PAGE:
Engormix/Dairy Cattle/Technical articles

Cryptosporidia: A cause of illness in calves and people too

Published on: 8/28/2013
Author/s : Russ Daly, DVM, DACVPM (South Dakota State University)
One of the germs that contributes to calf scours cases is cryptosporidia, or "crypto". Crypto is a one-celled protozoa that is normally present in small numbers in the digestive tract of cows and calves. As such, it's not an organism you can eliminate from a farm. Calves pick this bug up from manure on their mother or in their pen. It's a very hardy germ; in cool temperatures it can survive for weeks or months. Illness results when calves get exposed to enough of the organism, or if their immune system is weakened by factors like poor colostrum intake or cold wet weather stress. 
Crypto in Calves
Baby calves usually get their first exposure to crypto soon after they're born, but the effects of the germ don't show up until about 7 days of age. Once a calf gets to be about a month old, they're pretty resistant to the effects of crypto.
The crypto organism invades the tips of the cells lining the intestines and significantly impairs digestion. There is an impaired ability to absorb fluids from milk, and the increased load of intestinal content further sucks water into the gut. Diarrhea is the result, sometimes mild and sometimes very watery. Often the manure from a calf with crypto has a pudding-like consistency, sometimes with a spot of blood in it. The resulting dehydration and metabolic derangements like low blood pH give rise to a calf that is slow, droopy, and uncoordinated. Many times crypto works in conjunction with other viruses or bacteria to cause calf scours.
There are no approved vaccines or specific treatments for crypto. Veterinarians have tried different medications with varying degrees of success. Supportive treatments like oral or intravenous fluids are pretty much all we have. When it comes to prevention, producers work on managing the calves' exposure to large quantities of crypto by calving in clean lots or pens and managing weather and nutritional stresses.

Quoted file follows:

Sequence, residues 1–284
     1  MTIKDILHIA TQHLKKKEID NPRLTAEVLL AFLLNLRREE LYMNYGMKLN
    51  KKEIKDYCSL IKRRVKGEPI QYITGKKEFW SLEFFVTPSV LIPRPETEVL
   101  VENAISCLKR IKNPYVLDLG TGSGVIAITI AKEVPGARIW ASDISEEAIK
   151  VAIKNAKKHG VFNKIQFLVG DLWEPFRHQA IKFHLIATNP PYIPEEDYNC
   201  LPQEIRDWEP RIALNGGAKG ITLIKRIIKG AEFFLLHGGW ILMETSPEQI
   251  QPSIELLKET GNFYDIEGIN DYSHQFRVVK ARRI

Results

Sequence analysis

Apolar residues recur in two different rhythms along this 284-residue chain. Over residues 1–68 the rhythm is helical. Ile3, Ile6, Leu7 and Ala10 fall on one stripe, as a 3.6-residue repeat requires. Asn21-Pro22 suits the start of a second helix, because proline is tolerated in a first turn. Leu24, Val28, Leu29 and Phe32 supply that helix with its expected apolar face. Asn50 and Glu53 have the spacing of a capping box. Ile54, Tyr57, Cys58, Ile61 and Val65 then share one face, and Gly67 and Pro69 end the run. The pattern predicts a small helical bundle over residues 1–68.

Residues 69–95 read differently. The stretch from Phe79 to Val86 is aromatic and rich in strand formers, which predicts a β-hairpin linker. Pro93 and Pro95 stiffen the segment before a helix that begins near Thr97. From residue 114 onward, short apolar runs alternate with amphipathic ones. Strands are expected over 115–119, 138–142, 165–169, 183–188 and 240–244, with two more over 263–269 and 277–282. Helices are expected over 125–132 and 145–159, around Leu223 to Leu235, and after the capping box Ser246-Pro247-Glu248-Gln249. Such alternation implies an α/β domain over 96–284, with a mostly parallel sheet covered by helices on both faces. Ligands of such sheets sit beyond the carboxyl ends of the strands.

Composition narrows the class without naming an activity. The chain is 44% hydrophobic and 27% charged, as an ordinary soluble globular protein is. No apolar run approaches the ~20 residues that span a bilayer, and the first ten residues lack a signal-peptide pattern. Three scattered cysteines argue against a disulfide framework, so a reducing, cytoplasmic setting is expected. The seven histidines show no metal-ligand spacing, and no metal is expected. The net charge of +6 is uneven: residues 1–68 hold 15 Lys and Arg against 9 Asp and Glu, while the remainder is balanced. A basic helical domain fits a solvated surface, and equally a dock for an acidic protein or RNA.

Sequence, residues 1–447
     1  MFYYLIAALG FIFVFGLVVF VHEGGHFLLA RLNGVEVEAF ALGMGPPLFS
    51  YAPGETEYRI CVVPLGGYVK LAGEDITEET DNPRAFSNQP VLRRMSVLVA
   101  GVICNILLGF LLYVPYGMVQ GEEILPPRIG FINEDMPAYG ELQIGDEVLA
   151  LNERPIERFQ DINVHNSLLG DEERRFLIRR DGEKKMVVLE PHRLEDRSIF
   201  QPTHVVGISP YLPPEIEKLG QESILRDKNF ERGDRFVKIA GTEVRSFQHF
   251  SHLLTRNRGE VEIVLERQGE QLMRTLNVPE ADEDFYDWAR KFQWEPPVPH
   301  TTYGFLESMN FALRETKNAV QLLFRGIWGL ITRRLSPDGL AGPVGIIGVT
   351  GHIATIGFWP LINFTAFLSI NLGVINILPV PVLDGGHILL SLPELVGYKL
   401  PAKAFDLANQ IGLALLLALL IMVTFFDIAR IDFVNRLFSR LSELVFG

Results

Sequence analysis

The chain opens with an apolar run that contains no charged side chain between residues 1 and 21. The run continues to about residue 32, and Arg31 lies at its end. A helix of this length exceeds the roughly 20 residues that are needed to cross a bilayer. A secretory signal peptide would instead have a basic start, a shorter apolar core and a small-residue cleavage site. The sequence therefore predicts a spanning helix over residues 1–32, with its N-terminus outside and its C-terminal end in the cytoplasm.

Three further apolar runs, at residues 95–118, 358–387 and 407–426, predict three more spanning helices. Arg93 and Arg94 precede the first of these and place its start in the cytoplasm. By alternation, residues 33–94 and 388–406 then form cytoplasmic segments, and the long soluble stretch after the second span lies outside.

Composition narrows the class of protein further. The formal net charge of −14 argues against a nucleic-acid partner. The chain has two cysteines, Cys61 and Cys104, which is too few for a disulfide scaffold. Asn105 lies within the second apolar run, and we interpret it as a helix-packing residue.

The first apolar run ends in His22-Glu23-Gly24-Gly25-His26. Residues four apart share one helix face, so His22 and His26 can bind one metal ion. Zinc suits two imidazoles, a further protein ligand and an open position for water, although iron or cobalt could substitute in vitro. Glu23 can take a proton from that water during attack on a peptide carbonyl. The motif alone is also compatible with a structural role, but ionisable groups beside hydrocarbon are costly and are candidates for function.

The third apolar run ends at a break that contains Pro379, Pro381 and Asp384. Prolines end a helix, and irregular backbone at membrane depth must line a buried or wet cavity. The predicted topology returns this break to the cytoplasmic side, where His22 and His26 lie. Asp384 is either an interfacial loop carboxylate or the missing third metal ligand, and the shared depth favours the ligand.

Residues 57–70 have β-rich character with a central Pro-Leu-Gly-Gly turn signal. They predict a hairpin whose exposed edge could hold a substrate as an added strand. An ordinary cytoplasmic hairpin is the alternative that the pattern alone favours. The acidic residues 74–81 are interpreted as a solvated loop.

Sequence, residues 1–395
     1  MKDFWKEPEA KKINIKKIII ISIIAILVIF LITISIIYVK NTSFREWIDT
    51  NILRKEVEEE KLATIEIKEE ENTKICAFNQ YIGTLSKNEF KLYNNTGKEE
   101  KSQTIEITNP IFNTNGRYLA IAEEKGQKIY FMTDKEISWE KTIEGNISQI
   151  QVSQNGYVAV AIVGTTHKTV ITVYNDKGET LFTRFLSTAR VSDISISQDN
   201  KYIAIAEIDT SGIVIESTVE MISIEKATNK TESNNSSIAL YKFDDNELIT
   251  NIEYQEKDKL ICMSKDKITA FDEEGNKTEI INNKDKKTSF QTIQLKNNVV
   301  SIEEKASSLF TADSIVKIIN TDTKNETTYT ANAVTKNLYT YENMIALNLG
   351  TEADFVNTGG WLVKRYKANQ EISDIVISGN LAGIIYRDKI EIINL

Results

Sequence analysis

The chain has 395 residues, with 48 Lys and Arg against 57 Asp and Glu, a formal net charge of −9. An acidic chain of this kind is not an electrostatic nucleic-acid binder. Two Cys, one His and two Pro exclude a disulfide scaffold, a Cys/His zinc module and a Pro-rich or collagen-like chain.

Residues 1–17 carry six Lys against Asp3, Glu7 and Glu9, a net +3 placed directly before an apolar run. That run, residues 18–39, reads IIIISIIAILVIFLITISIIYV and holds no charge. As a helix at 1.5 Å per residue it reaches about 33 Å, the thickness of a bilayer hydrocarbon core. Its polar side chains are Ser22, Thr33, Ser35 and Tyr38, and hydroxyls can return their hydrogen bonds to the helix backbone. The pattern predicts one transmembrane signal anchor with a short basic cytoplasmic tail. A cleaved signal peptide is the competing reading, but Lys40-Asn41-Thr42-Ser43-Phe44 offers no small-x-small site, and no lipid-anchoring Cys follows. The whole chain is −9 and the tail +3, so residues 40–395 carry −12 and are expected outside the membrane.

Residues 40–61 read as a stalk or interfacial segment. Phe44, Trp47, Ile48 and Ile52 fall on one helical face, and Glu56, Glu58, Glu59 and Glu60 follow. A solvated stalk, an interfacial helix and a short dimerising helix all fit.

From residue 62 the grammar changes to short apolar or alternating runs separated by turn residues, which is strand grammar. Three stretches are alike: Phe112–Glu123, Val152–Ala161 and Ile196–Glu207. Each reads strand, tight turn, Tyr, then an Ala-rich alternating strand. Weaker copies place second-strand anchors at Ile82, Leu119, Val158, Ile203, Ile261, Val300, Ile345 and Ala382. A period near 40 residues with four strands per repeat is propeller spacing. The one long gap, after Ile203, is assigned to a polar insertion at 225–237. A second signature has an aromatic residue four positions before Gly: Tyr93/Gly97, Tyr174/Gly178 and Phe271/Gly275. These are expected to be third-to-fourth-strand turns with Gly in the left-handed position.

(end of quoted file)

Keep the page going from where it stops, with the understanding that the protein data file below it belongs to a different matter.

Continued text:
Crypto in Humans
If its effects on calves weren't bad enough, crypto can also make people sick. Over 100 human cases of crypto were reported in South Dakota last year. Many of these human illnesses can be traced back to contaminated water. But a recent report estimated that about 1 out of every 6 human crypto cases came from animals; calves (both beef and dairy) are the most common animal sources there are.
Crypto in people can cause some pretty uncomfortable symptoms:
  • Stomach cramps
  • Diarrhea
  • Vomiting
In a few severe cases, people can end up in the hospital to be treated for dehydration or other complications. Manure from sick calves—and often normal calves as well—is the material that harbors the cryptosporidia. Taking care to avoid contact with calf manure, changing boots and overalls, wearing latex gloves, and washing hands with soap and water are all measures one should take when working with calves.
As cattle producers work through scours issues this spring, crypto should be on the list of possibilities. Working with a local vet is the best way to start formulating a plan to prevent or work through a scours outbreak due to crypto.
Author/s :
Russ Daly received his DVM from Iowa State University and is a South Dakota State University animal science graduate. He serves SDSU as an assistant professor and South Dakota Extension as the extension veterinarian. He is also a State Public Health Veterinarian. Through his 15 years of experience in mixed animal veterinary practice in Southeast South Dakota, he has become most interested in infectious disease epidemiology of food, animal diseases, pubic health and veterinary continuing education. In 2010, he was named the South Dakota Veterinarian of the Year by the SDVMA.
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